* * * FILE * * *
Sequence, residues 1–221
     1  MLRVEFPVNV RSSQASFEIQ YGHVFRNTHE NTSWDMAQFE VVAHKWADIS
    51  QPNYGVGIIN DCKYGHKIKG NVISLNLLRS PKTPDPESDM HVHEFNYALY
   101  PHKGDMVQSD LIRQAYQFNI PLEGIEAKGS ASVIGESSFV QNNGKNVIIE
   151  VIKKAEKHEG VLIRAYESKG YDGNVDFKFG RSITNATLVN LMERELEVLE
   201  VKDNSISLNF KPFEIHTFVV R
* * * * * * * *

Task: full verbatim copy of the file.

Sequence, residues 1–221
     1  MLRVEFPVNV RSSQASFEIQ YGHVFRNTHE NTSWDMAQFE VVAHKWADIS
    51  QPNYGVGIIN DCKYGHKIKG NVISLNLLRS PKTPDPESDM HVHEFNYALY
   101  PHKGDMVQSD LIRQAYQFNI PLEGIEAKGS ASVIGESSFV QNNGKNVIIE
   151  VIKKAEKHEG VLIRAYESKG YDGNVDFKFG RSITNATLVN LMERELEVLE
   201  VKDNSISLNF KPFEIHTFVV R